STF: How many memorable performances have you done?

JY: All my performances are memorable to me as I have performed with great composers. Among those are Arshad Mahmood, Ashraf Mehboob, Ustad Nafees Ahmed, Ustad Bashir Khan, Flute Player, Salamat Khan and Ghulam Abbas. There is also a long list of internationally known big names from USA, Germany, Austria, Indonesia, Japan and UK which include Dr Sonia Seeman (Music Professor, Director and Clarinet player in the USA), Franklin Pilland, Chris Ozley, Julian Dixon, Laura Jorgensen, Mike Del Ferro and many more. I have also performed with International band SANGAT consisting of musicians from University of Texas in Austin USA and NAPA, Signum of Germany) and Fuzon Band. I also participated in events of Alliance Francaise and NAPA International Theatre and Music Festival 2013 and 2017.

STF: How do you structure chords and scales to compose music?

JY: To construct music first I have to blend notes together to create a tune. It also depends on the mood and environment of the creators to choose tune from a random thought. This is called composition or melody. There are many scales to select from the notation. Like the great composer Chopin, who composed Nocturne, which is a low pitch evening music. For that he used E flat scale. He has composed volumes of Nocturne on that scale. Now everyone follows that scale to play Nocturne. Once the tune is created, a composer will decide whether to use vocals of words or it should be played as an instrumental composition. At this stage of creation, there is an arrangement of instruments. It is all about to decide about the instruments to be used like flutes, violin, piano or other. After all these there comes the decoration of chords. The harmony becomes richer as the piece unfolds until finally the music is composed. I learned some Chopin compositions and I really liked it, actually.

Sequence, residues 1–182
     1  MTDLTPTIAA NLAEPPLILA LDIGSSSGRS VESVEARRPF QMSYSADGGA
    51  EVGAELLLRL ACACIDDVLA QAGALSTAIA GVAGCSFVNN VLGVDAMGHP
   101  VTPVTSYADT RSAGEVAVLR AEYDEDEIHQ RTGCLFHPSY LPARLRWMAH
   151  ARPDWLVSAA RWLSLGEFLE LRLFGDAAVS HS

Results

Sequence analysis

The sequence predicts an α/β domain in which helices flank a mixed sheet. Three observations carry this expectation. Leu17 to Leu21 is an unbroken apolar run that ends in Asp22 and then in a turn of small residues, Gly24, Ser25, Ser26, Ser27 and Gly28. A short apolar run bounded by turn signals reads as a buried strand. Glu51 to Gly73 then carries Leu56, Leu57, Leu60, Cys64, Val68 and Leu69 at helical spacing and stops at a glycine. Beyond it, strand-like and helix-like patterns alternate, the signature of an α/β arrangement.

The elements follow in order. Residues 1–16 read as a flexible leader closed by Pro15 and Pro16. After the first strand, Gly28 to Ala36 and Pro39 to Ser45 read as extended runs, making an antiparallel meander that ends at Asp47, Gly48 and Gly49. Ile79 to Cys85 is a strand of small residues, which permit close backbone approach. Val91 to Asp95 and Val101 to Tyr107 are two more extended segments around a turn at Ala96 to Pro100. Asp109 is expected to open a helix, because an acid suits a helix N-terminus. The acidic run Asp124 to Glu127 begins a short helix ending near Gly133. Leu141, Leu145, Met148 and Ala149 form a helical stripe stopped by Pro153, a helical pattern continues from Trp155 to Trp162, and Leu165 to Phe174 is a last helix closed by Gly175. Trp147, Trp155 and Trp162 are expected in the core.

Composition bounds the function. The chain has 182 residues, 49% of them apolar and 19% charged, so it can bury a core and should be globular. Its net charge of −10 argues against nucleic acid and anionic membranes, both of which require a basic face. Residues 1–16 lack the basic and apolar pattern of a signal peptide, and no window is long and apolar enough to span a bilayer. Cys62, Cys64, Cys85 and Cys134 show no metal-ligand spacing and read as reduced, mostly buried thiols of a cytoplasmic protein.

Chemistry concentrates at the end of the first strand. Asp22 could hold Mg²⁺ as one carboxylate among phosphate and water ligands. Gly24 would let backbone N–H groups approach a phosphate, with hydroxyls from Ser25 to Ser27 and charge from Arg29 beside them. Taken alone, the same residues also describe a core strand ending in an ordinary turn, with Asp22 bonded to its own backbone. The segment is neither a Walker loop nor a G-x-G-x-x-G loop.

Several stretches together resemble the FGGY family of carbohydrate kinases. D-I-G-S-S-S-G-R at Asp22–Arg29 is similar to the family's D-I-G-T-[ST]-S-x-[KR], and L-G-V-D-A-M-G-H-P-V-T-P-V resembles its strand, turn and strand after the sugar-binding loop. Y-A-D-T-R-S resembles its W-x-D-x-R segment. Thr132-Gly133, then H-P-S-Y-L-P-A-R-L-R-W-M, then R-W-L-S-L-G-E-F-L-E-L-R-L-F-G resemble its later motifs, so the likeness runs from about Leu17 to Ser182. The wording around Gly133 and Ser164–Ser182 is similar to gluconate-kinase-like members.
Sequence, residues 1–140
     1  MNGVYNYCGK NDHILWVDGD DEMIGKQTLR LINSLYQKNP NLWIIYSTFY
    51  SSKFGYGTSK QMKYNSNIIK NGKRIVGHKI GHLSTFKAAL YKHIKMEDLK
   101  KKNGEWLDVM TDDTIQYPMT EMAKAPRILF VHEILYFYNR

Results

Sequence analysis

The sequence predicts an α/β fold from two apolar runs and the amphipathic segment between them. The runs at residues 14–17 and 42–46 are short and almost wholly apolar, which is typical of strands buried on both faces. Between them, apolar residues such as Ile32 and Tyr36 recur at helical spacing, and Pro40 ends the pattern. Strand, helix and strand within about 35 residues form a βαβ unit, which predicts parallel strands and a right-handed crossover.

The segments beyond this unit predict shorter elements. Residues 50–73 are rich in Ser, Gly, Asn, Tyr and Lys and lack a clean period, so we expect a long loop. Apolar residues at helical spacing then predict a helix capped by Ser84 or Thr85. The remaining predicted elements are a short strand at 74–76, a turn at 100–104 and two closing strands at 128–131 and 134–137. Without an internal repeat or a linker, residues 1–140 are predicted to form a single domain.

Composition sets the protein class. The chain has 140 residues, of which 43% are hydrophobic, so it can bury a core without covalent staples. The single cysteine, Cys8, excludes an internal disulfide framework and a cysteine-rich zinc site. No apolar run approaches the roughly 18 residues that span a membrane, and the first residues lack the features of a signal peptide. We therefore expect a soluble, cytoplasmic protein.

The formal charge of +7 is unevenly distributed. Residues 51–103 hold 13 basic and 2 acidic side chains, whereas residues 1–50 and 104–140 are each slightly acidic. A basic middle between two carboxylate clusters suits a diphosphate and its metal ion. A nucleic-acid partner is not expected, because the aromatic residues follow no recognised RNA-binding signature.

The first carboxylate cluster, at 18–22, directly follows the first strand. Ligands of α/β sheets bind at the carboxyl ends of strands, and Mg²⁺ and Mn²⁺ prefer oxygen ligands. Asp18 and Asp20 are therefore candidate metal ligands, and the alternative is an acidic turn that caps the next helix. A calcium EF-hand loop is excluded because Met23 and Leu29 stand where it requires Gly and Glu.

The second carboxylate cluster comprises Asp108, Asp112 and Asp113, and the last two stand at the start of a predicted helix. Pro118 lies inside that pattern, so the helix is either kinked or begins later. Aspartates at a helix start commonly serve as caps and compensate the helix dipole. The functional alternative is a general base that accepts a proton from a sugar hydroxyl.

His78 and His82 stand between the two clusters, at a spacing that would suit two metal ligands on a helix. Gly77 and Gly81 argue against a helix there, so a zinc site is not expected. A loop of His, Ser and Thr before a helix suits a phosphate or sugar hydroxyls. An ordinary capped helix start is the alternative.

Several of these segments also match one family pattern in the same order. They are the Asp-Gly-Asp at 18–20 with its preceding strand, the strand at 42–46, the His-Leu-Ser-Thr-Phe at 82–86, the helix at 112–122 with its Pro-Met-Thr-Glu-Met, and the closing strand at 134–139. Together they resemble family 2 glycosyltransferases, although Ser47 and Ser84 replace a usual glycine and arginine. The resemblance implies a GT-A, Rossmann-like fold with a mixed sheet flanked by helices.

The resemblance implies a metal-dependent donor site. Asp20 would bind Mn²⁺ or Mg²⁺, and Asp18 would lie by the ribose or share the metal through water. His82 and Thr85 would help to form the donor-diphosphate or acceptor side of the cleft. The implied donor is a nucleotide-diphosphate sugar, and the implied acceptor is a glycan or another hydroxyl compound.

STF: How do you see the future of music in Pakistan?

JY: Since I have been a music educator for a long time and have worked in many schools, I have never witnessed people here considering music as subjects like English, Urdu, Math etc. There is a need to devise a comprehensive plan to include music in the regular curriculum of schools. Although music is called a universal language and it plays an important role in the development of brain or mental health. Many brain related issues are being treated with music therapy. Music gives you stronger memory and listening ability. It has a soothing effect on stressed human mechanism. Many countries have successfully tested music to calm crying babies. Gradually people are being musically educated and I have started working on a curriculum for school students. Many studies have proven that musical training can improve attention and working memory in children.

STF: Have you ever thought of starting a music academy?

JY: Yes, I am running a small music school. I have a team of teachers and classes are conducted to teach piano, keyboard, guitar, singing, violin, saxophone and many other instruments.

STF: What is the most important thing you would tell any young pianist who wants to be a performer?

JY: I see composing not as a process but a space. A convergence of creativity and craft into a perfect harmony we know as inspiration and it is best found within one's work, not without. While tricks and techniques can be learnt, I feel the ability to convey emotion through music is more innate, more personal. Therefore, young composers need to maintain a kind of open channel between feeling and fingers, a channel to move a complex, wordless inner experience towards an outward expression. The brain should come ahead the fingers. The approach of a pianist should be like the approach of a conductor where anticipation is fundamental and the physical gesture is also important to harmonise the musical intention.